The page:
The Tea Party was created in 2009 as a result of mounting frustrations about big government, particularly the stimulus bill, financial bailouts and Obamacare. Its original stated principles and rapid rise to prominence revealed it to be representative of a strong Libertarian movement in America. However, as a significant portion of Tea Partiers reports an affiliation with the Republican Party through voting record or membership, the Tea Party also represents a schism among Republicans between liberty-oriented individuals that would be more attracted to Libertarianism upon awareness versus the social conservatives (the moral police) and so-called "moderates" (enablers of big government) that comprise the party majority.
While many "Tea Party candidates" were elected in the 2010 midterm elections, its long-term effectiveness remains to be seen.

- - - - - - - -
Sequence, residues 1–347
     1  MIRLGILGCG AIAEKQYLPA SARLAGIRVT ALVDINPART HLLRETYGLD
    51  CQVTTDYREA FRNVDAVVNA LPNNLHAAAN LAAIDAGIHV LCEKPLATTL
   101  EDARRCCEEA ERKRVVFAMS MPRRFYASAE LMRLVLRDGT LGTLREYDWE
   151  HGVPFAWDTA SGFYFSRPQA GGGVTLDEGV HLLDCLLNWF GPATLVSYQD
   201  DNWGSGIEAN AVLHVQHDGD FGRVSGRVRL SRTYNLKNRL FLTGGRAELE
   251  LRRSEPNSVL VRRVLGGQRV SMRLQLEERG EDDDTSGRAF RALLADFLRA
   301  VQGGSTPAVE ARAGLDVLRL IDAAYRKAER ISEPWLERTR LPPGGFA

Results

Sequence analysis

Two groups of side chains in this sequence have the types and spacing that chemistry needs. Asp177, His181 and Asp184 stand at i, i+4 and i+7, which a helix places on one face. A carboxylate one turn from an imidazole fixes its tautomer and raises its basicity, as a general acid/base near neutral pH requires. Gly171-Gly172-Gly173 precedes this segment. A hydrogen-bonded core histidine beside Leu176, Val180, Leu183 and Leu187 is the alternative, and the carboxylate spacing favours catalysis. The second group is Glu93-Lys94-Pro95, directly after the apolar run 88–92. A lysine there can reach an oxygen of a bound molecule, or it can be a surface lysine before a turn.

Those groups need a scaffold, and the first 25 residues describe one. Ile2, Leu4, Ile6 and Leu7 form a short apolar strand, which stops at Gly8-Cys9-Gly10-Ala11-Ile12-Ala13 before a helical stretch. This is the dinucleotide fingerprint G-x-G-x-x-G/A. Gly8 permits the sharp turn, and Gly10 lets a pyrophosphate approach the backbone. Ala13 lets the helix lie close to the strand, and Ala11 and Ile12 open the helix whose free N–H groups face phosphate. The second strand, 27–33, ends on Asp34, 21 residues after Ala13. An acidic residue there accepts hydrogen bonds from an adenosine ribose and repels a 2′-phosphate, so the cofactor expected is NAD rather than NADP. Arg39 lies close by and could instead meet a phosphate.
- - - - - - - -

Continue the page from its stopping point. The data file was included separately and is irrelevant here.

The Tea Party is not an official political party, but is a decentralized grassroots movement incorporating a variety of beliefs across its national chapters. Recently, the Tea Party has absorbed more socially conservative elements into its organizations, diminishing the original message of liberty.
The Libertarian Party of Texas believes that, ultimately, the Republican Party will not deliver on its promises to reduce spending and the size of government. Texans who truly believe in the liberty message inherent in the Tea Party should instead support the Libertarian Party of Texas, the only political party to advocate for limited government, and effect a more significant change in our government and society.